Link to award won for building green

Quote:
In addition, the home earned the highest energy efficiency rating with a 3-Star Hawai'i BuiltGreen™ Award.


This highest energy efficiency rating award was the project I was the Superintendent on .
We use all steel framing = no trees cut down
we use all recycle pre engineered materials = no trees cut down
we use exterior siding thats 92% cement = no trees cut down
Insulation roof and exterior walls
Double pane E - windows = energy efficient
Tech Shield roof sheeting = absorbs heat
Pex plumbing = uses recycle plastics
5 star lighting fixtures and CFL's
5 star energy appliances through out
Solar water heating = standard
Solar electric - optional

The list goes on and on

Soooo just throwing grass on ya roof does NOT in anyway make you green aside from the obvious color reason .

If you wanna talk GREEN Building talk to me - After all my project won the highest GREEN Award in the State

Posted by: MacBozo

Re: Twofer - 06/02/09 02:57 PM

Touché!
Posted by: Celandine

Re: Twofer - 06/02/09 04:01 PM


gives you back .01 of 1%
Posted by: carp

Re: Twofer - 06/02/09 05:43 PM

Originally Posted By: Celandine

gives you back .01 of 1%


LOL

You don't know what ya talking about - please provide a link to this claim of yours ? ?

Thanks
Posted by: polymerase

Re: Twofer - 06/03/09 04:40 AM

Originally Posted By: carp
Solar water heating = standard
Solar electric - optional


That is pretty amazing. Granted it is more worthwhile in Hawaii but it starts in your construction and eventually the technology will get good enough for less sunny climates.

Two questions: 1) With the solar electric option can it completely power a normal house off grid? 2) How much does it add to the cost?
Posted by: Celandine

Re: Twofer - 06/03/09 07:27 AM


$600,000-800,000 for a Single Dwelling back in 2007. whistle

Your recent decidedly right-centric & anti environmental posts,
(this one springing immediately to mind) one can hardly help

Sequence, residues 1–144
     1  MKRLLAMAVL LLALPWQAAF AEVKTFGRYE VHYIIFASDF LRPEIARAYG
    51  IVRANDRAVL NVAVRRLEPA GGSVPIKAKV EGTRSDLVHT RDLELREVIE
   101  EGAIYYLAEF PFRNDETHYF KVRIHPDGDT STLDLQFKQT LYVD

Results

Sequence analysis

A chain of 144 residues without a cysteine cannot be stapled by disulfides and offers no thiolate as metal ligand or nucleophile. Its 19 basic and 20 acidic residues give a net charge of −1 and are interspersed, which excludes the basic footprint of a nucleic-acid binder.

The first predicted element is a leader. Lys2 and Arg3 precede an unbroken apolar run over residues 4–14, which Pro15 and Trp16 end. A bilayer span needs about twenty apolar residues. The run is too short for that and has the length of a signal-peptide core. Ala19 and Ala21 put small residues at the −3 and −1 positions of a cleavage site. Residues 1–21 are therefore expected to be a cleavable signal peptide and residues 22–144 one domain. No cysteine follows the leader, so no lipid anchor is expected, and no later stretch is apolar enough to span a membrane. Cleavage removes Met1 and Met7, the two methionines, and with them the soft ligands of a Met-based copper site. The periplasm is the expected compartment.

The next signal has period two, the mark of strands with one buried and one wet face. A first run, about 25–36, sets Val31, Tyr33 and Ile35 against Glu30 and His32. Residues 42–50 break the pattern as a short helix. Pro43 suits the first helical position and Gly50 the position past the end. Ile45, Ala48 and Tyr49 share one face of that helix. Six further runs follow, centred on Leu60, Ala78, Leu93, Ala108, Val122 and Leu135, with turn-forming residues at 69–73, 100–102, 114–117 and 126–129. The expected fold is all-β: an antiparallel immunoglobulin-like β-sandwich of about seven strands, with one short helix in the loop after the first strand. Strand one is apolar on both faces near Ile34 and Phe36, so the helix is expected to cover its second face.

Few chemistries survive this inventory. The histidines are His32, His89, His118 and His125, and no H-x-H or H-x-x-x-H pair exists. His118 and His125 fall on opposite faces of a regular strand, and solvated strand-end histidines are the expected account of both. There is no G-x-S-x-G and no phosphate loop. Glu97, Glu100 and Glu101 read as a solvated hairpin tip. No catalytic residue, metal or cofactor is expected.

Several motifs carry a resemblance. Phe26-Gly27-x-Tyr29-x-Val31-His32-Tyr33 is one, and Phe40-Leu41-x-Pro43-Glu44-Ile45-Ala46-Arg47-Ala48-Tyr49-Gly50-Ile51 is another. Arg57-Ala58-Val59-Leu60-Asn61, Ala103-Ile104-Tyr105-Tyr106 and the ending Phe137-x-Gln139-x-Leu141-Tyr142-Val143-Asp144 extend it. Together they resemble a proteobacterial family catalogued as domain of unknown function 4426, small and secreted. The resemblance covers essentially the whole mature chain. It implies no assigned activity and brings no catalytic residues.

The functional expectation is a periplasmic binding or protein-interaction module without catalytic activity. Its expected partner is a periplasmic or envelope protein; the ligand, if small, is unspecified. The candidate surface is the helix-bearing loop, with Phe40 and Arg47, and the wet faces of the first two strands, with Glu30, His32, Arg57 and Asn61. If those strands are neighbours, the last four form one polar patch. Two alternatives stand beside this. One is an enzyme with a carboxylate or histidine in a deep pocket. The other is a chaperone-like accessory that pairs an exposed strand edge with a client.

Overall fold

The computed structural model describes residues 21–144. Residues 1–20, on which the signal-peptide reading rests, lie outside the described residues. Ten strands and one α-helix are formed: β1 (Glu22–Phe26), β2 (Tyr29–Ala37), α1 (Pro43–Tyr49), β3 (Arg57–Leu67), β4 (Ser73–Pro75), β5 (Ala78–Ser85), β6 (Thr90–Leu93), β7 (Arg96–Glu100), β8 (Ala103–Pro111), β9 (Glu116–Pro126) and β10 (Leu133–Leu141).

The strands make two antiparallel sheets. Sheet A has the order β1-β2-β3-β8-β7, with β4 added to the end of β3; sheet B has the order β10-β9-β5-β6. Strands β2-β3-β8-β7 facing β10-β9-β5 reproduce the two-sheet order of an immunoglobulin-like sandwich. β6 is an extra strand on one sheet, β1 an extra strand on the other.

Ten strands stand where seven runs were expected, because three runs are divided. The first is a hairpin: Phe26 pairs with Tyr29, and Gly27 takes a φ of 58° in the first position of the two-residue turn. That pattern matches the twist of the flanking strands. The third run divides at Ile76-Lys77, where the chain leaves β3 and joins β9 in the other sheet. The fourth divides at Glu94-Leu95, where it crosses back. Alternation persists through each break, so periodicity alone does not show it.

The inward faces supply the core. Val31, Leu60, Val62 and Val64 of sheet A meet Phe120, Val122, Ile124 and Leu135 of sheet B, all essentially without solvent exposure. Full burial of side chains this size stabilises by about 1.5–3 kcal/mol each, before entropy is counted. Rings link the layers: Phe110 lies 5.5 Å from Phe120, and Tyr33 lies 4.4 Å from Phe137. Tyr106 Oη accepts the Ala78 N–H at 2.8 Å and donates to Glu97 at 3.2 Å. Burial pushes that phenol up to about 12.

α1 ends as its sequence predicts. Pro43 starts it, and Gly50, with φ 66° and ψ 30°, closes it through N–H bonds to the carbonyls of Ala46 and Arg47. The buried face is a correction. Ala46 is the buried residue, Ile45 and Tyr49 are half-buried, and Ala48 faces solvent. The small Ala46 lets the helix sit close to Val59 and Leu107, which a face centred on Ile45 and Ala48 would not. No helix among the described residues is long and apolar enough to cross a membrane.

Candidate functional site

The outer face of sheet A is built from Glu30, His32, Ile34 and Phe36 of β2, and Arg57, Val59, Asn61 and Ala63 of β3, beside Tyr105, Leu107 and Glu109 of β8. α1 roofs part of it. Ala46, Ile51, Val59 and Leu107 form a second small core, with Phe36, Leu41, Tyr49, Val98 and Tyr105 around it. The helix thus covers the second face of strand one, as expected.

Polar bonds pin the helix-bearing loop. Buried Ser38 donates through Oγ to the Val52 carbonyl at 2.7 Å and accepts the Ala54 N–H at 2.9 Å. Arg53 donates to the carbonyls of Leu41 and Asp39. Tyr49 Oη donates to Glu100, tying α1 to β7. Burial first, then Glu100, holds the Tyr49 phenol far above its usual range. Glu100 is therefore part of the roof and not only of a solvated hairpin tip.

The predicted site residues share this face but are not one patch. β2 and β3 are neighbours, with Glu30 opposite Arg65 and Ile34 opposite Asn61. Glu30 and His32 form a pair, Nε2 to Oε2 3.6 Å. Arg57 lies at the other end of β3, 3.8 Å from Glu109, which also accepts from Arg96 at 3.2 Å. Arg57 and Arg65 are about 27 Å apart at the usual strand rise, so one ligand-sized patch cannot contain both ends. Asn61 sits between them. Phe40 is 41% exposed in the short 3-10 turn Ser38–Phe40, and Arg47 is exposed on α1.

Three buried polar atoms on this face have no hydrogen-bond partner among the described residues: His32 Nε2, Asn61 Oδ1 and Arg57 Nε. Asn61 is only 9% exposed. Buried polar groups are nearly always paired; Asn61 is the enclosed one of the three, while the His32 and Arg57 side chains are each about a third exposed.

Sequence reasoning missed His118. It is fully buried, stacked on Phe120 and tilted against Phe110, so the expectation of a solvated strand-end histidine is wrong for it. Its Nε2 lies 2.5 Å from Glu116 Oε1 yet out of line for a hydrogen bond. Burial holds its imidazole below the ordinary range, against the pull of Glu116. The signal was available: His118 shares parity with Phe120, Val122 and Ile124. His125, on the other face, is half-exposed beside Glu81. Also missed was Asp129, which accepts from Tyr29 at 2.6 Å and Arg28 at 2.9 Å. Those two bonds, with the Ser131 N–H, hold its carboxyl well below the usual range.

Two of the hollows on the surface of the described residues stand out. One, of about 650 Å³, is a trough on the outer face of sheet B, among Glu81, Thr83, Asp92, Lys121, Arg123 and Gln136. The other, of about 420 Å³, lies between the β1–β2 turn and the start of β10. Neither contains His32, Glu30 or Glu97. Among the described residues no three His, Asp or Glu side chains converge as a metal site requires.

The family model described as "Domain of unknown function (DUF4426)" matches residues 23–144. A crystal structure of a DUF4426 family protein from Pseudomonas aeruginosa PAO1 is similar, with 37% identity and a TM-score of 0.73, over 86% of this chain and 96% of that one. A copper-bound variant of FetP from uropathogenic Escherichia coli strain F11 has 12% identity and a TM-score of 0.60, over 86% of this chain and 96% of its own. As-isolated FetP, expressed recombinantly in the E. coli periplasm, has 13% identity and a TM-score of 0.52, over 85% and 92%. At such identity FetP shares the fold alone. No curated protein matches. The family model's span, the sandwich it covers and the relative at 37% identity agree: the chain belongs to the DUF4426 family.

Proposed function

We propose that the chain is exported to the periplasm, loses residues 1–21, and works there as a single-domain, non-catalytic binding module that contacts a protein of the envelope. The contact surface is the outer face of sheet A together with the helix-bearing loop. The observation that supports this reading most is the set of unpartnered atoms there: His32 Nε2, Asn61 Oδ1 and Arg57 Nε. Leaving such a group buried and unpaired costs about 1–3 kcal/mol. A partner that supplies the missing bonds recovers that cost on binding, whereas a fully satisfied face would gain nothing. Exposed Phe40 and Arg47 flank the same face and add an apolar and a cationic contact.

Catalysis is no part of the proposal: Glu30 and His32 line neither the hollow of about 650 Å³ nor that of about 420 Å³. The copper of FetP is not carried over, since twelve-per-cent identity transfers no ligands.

taking it for granted that you wouldn't exactly be open to the
new green movement where "the bottom line" is seldom the
actual cost since the savings are generally understood to be a
long-term investment that's recouped over the life of the house,
as well as a very long-term investment in the overall quality of
life not only for people but for every organism on Earth.

Posted by: polymerase

Re: Twofer - 06/03/09 08:34 AM

The housing market peaked in 2007 and he lives in Hawaii. Single family 600-800K seems a tad cheap for new construction with this many amenities in paradise.
Posted by: MacBozo

Re: Twofer - 06/03/09 08:39 AM

And Hawaii is a very expensive place to live anyway. We had a friend who went there as a traveling nurse about 15 years ago and she was aghast at the prices for just basic commodities.
Posted by: carp

Re: Twofer - 06/03/09 12:19 PM

I hardly think the Ferry is anti environmental , what makes you think so ? ?

Quote:
$600,000-800,000 for a Single Dwelling back in 2007


Thats a fair price , when the developer is lucky to even make 6% off a sale and has carry all the risk

What people see is just the home , what they don't see

1 - The cost of land in Hawaii , cost more then a completed home on the mainland . Example a "prime location" 6,000 square foot empty lot runs about 340,000 a similar size beach front over 1 million